The peloton started to come down and reached 3.40 before the peloton took it easy through the feed zone. The gap briefly went out to more than four minutes but as they hit the third climb, it was again 3.50.


While Ryder Hesjedal (Trek) abandoned and Nardin won the KOM sprint, the peloton accelerated and reduced the gap to 3.05 as they went over the top. It was down to less than three minutes when they hit the final 60km.


The situation stabilized a bit as they approached San Luca for the first time. As they hit the ascent, Rota and Van Hecke were left behind, leaving six riders to press on.


At the first passage of the line, the gap was 2.30 and as they hit the climb for the second time, the peloton was approaching. Hence, De Marchi attacked and only Latour and Nardin could match his pac.


In the peloton, Diego Rosa hit the front for Astana and his fast pace made the group explode. As they hit the climb for the third time, he had reduced the gap to 1.44 while Geniez was still sitting 47 seconds behind the leaders.


De Marchi and Latour dropped Nardin and continued to press on with a 1.20 advantage over the 40-rider peloton as they started the penultimate lap. In the peloton, Astana were still doing all the work and they had reduced the gap to 1.18 at the bottom of the climb. Meanwhile, Bauke Mollema (Trek) abandoned and Geniez and Nadin were brought back.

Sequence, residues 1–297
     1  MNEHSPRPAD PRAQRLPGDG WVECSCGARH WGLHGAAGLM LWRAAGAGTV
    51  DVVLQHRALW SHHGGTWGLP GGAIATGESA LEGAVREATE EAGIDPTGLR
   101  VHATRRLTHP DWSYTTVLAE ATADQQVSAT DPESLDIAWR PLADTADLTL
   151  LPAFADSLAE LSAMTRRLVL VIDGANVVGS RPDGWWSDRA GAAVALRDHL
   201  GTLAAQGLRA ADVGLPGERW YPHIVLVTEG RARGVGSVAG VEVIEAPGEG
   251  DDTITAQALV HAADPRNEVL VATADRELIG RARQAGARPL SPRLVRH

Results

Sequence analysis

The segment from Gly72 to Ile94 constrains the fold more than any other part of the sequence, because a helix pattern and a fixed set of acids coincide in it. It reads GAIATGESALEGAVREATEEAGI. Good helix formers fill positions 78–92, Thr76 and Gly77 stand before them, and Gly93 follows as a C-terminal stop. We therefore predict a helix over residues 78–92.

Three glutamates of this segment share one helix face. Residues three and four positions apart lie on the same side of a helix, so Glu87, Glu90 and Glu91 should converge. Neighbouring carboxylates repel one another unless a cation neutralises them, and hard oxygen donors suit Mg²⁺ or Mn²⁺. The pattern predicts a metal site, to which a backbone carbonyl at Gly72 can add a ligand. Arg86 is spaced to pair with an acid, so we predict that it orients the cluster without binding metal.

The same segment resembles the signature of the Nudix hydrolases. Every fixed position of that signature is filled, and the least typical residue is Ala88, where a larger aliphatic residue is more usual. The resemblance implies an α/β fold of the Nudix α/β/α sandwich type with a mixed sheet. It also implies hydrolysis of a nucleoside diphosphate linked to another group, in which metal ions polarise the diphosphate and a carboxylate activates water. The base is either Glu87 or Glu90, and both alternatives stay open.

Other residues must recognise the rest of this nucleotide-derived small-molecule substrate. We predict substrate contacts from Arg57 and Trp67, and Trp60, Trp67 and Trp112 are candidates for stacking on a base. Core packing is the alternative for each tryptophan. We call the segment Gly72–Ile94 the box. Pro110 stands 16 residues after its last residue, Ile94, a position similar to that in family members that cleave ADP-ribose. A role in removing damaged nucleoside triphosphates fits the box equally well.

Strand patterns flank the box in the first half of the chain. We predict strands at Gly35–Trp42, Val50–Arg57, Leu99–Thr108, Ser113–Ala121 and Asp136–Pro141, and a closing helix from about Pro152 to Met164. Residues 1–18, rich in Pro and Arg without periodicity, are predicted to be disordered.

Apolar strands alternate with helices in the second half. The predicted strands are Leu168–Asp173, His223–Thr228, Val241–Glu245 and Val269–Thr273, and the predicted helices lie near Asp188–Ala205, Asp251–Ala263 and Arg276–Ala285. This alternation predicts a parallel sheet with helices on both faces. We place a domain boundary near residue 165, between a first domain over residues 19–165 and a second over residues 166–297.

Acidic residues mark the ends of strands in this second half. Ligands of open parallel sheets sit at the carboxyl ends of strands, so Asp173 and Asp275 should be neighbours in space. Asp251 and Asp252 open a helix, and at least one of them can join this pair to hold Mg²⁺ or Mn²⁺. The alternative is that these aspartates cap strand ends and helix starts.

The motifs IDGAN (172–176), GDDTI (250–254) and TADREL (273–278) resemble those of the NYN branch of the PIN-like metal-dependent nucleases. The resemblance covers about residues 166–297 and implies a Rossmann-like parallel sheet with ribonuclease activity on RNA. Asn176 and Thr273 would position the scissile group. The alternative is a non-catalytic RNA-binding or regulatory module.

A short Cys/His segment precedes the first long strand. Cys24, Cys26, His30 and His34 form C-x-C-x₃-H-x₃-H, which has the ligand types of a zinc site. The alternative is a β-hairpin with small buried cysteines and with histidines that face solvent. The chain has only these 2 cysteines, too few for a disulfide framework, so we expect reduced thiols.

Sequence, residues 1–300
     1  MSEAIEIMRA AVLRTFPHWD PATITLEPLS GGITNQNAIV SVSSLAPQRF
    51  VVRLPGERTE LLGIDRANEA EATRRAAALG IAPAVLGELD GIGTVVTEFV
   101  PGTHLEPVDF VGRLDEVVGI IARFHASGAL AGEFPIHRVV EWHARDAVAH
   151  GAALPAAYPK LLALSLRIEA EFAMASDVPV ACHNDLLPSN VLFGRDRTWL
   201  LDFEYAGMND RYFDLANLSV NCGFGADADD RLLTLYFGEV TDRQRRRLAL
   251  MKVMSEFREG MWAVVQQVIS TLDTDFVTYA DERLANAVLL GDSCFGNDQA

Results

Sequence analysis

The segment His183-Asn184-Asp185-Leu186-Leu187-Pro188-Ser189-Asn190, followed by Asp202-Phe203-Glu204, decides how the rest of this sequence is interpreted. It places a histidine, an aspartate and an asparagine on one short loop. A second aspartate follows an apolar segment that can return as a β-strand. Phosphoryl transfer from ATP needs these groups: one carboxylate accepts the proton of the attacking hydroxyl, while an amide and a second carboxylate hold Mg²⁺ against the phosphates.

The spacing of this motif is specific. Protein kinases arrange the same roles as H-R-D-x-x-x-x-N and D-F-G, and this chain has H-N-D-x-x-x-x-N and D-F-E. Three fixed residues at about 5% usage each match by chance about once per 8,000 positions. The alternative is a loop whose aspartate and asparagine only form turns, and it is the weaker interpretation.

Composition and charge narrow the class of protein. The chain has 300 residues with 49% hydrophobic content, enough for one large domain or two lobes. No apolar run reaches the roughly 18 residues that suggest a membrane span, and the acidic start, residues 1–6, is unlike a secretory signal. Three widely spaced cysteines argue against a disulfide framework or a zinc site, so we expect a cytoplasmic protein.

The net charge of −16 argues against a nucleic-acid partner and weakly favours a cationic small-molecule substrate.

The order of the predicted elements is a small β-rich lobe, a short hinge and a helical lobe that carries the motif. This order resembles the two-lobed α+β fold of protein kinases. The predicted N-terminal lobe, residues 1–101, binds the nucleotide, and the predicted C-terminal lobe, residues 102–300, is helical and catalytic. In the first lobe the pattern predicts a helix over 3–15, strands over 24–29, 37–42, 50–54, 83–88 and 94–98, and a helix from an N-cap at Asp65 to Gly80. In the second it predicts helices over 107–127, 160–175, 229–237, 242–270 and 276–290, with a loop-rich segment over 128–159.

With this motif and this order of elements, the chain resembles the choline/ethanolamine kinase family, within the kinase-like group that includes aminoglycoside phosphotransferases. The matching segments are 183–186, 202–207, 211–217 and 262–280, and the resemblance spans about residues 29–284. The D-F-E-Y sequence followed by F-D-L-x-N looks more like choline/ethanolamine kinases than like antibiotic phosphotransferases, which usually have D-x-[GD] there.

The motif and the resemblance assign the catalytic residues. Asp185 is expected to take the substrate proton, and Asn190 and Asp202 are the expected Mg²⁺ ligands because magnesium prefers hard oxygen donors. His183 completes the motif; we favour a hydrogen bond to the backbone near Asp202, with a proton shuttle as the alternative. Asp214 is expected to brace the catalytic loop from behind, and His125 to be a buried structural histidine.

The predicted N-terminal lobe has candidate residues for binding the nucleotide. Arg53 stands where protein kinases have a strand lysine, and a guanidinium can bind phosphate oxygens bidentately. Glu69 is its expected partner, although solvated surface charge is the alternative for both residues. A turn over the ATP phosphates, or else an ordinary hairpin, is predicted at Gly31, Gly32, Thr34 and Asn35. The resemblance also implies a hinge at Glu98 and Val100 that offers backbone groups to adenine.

On the ascent, Cannondale hit the front and whittled the group down to around 30 riders, with Philippe Gibert being among the riders to lose contact. Davide Formolo was doing the damage and led the group across the line for the penultimate time.


Latour almost crashed on the descent and so lost contact with De Marchi. However, he managed to get back and the pair were still 30 seconds ahead when they finished the descent.


In the peloton, Michele Scarponi was riding hard for Astana and led the group onto the climb. Here Latour made one final bid for victory as he dropped De Marchi. As he hit the final kilometre, he had an advantage of 10 seconds.


Jan Bakelants (Ag2r La Mondiale), Rodolfo Torres (Androni - Sidermec) and Igor Anton (Dimension Data) attacked from the peloton and rejoined Latour to make it a quartet. Bakelants went again and this time only Torres could follow.


Fabio Aru (Astana) was the first of the favourites to make a move but it was Chaves who turned out to be the strongest. When he countered, only Romain Bardet and Rigoberto Uran could follow and they sprinted past the leaders.


Chaves kicked again near the finish and this time no one could match him. The Colombian reached the finish with a 2-second advantage over Bardet, with Uran and Aru following one second further back. Bakelants and Torres held on to take fifth and sixth.


With the Giro dell’Emilia done and dusted, the attention turns to Sunday’s GP Beghelli which is significantly flatter. The climbers will be replaced by the strong sprinters who hope to get the chance to battle it out for the win in a reduced bunch sprint.